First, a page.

RALEIGH — A recently filed bill proposes to change the way N.C. State Board of Education is installed by making the seats elected positions instead of appointed via a state constitutional amendment.
House Bill 1173, titled Elect SBE Members/Super as Chair of SBE, has three primary sponsors; Rep. Hugh Blackwell (R-Burke), Rep. John Torbett (R-Gaston), Rep. Jon Hardister (R-Guilford) and Rep. Lee Zachary (R-Forsyth).
The bill passed its first reading in the House and was referred to the House Committee on Education – K-12.
State Superintendent Catherine Truitt told North State Journal in a phone interview that she had not realized such a bill had been filed and that she will be interested to see what kind of conversations arise from it.
Under the proposed amendment, State Board of Education members would be elected to 4-year terms equal to the membership of Congressional seats corresponding with their board region seat. Vacancies for seats would still be appointed by the governor.
Currently, the State Board of Education is made up of the lieutenant governor, the state treasurer, and 11 members who are appointed by the governor. Eight of the 11 are members represent education districts across the state and three are at-large members. The at-large member appointments require confirmation by the General Assembly.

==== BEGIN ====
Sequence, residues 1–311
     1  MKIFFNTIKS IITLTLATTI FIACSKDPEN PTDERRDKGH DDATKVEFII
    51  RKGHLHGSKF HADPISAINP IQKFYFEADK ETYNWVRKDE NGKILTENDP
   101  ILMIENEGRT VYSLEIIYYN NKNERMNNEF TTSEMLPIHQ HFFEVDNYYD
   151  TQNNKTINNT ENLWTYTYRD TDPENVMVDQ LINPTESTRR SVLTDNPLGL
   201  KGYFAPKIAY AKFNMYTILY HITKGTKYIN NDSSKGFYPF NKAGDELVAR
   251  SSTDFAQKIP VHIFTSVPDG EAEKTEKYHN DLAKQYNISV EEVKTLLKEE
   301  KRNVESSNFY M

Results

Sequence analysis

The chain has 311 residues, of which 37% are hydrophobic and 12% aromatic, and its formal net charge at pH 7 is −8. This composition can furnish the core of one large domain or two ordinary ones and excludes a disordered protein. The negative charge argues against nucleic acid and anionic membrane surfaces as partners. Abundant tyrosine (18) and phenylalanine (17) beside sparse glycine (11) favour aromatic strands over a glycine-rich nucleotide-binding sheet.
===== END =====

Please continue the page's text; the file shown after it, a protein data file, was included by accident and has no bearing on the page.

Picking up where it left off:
The proposal also changes the eight-year term length of the board seats to four years.
The amendment would also change the state superintendent’s current role on the board from the position of secretary to the board and non-voting member to a “member and Chair” of the board.
The proposed text of the constitutional amendment is as follows:
(1) The Superintendent of Public Instruction will serve as a member and Chair of the State Board of Education.
(2) All non-ex officio members of the State Board of Education will be elected to four-year terms from the State Congressional Districts.
(3) All vacancies for elected positions on the State Board will be appointed by the Governor, subject to confirmation by the General Assembly in joint session.”
Bills proposing amendments to the state’s constitution must be passed by a three-fifths majority vote in each chamber in order to be passed and do not go to the governor for signature.
If the amendment is passed by the legislature, the measure is then presented to the qualified voters of North Carolina. Should voters ratify the amendment by a majority vote, the amendment change would take effect on Jan. 1, 2024.
A similar bill, House Bill 133, was drafted during the 2017-18 legislative session but never emerged after being referred to a committee.